The ‘Deadpool’ Nomination Suggests The Golden Globes Finally Know What A Comedy Is, Kind Of

20th Century Fox/Getty

Neither Deadpool nor star Ryan Reynolds are likely to take home the trophy for their respective Golden Globe nominations on Sunday. Yet the fact that the second highest-grossing R-rated movie of all time, let alone a comic book adaptation, scored two nominations says a lot about the Hollywood Foreign Press Association’s current take on comedy. After all, the Best Motion Picture — Musical or Comedy and Best Performance by an Actor in a Motion Picture — Musical or Comedy categories are the same ones that last year awarded top honors to The Martian and its lead, Matt Damon. As Spy and Ghostbusters director Paul Feig argued at the time, “A comedy’s a film whose #1 goal is to make people laugh. If that wasn’t the filmmakers’ top goal, it’s not a comedy.”

Both The Martian and Damon’s performance in it are quite good, but it hardly fits that definition. It’s a dramatic, science fiction film with elements of adventure, suspense, and humor. But unlike fellow nominees Trainwreck, Spy and The Big Short, The Martian isn’t primarily designed to prompt laughs. Hence why the HFPA amended its categorical definition for comedy with an added sentence to distinguish it from drama: “Thus, for example, dramas with comedic overtones should be entered as dramas.”

Judging by the current Best Motion Picture — Musical or Comedy nominees, it seems the HFPA has put its own rule changes into practice. La La Land and Sing Street scratch the dual category’s musical itch, but 20th Century Women, Florence Foster Jenkins and Deadpool all fit the bill for not being “dramas with comedic overtones,” for the most part. While Deadpool‘s occasional dramatic touches pale in comparison to its comedic quips and action beats, Women and Jenkins balance moments of comedy and drama evenly, which is far more of a balance that what The Martian did before them.

Even so, Jenkins and Women are films whose approach to comedy is closer to The Big Short. Their serious subject matter practically oozes drama, but the filmmakers opted for a more humorous approach. The Big Short addressed the housing market collapse of 2008, which isn’t really a funny topic at all. Yet Adam McKay decided to write and direct a movie about it that included Ryan Gosling’s occasional fourth wall breaks and The Wolf of Wall Street‘s Margot Robbie explaining advanced economics while sitting in a bubble bath, drinking champagne.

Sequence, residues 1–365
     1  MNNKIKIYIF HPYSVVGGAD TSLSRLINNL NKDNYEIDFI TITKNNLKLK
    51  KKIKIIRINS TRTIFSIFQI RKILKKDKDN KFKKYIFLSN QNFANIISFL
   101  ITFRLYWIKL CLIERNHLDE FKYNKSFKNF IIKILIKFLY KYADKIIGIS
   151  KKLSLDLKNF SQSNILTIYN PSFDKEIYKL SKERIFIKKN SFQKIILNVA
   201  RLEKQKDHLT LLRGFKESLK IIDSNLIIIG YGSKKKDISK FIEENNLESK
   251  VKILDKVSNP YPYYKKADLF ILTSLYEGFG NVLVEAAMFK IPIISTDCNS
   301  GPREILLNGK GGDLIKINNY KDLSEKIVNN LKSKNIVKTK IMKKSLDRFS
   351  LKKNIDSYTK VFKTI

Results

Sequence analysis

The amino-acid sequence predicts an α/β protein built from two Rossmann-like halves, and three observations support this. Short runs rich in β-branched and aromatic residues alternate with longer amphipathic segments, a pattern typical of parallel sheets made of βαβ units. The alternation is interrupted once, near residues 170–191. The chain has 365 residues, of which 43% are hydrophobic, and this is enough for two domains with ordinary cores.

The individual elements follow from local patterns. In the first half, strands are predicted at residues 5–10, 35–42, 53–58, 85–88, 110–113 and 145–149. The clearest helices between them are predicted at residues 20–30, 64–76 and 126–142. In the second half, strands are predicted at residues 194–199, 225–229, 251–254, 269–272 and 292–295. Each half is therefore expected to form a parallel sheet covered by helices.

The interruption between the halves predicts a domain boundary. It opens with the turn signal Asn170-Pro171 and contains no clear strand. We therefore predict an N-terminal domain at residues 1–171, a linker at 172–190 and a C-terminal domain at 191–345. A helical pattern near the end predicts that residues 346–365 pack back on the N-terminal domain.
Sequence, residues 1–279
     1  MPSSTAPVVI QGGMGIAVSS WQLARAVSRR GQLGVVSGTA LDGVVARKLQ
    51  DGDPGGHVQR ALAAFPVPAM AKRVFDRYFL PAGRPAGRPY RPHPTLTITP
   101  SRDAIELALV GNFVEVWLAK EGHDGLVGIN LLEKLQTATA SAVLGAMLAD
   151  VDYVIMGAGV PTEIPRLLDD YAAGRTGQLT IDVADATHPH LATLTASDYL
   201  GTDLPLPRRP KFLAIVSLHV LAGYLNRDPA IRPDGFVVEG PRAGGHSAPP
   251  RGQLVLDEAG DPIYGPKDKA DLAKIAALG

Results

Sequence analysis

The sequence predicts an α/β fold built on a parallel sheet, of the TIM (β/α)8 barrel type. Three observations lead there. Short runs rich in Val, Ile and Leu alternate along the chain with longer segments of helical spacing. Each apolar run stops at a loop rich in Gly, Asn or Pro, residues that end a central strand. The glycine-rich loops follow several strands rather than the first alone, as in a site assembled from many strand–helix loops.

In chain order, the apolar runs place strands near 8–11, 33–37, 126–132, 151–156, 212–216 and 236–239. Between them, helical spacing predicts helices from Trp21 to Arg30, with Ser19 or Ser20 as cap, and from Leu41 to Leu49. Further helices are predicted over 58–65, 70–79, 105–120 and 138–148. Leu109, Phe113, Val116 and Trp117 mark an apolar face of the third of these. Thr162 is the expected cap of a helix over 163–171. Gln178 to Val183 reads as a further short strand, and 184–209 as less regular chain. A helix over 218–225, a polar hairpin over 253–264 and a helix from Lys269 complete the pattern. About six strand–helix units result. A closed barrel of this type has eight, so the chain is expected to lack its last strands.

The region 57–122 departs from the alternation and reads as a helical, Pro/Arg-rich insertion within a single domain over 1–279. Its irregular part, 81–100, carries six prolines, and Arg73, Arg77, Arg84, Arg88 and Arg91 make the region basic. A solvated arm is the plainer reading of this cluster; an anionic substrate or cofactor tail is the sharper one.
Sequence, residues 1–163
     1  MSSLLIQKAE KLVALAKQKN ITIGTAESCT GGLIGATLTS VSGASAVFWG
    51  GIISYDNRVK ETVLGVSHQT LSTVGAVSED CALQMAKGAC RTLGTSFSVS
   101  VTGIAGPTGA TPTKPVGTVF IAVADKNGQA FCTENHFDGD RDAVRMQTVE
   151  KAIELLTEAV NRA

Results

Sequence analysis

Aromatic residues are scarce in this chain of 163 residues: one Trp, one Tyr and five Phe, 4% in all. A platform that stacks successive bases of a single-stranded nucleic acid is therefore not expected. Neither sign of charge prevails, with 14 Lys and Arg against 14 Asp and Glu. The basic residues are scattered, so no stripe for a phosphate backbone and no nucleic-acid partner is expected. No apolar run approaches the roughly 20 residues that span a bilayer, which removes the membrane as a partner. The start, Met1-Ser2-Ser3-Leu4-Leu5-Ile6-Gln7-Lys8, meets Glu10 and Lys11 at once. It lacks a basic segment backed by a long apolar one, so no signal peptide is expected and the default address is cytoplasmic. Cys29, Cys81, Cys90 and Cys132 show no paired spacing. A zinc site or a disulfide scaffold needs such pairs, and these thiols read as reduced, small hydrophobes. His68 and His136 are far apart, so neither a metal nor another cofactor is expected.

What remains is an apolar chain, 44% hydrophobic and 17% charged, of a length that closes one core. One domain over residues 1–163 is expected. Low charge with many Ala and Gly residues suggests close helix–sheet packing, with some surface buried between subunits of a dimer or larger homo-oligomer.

20th Century Women director Mike Mills adopts a comedic leaning approach for a film inspired by his own memories of growing up in ’70s California and the women who shaped his life. Deadpool, on the other hand, follows the murderous exploits of its titular comic book anti-hero while he seeks revenge and saves the girl. Like Spy and Trainwreck before it, Deadpool contains decidedly less drama than comedy. After all, readers familiar with the Deadpool comics (and the character’s appearances in other story lines) know all too well just how serious Wade Wilson is not.

Which is why Deadpool fans and comedy buffs hopeful for one or two possible Golden Globe wins shouldn’t bet any money on it. For starters, the musical La La Land is far more likely to take home the trophy — both because of critics’ high praise, and the somewhat unfair advantage it possesses over comedy. (Despite the HFPA’s updated eligibility requirements, musicals can brandish more drama than humor and drama traditionally does better when it comes to awards.) Even if the category nixed “Musical” from its title, Women and Jenkins employ more of the emotional heart-tugging that awarding bodies tend to favor. Popular comedies like The Hangover have won before, but when it comes to the Golden Globes, films like Almost Famous and Mrs. Doubtfire are far more likely to succeed.

As for Reynolds’ nomination, La La Land will again likely hurt Deadpool‘s chances. Ryan Gosling had a banner year thanks to performances like this one and The Nice Guys. Past trophy winner Colin Farrell, too, stands a better chance of earning more love from the HFPA for his turn in The Lobster. Yes, Deadpool succeeds less because of its sometimes forced genre commentary and more because of Reynolds’ performance and dedication to the role (not to mention an award-winning advertising campaign), but it won’t be enough to inspire another early morning tickle-fight.

Then again, there’s always Deadpool 2.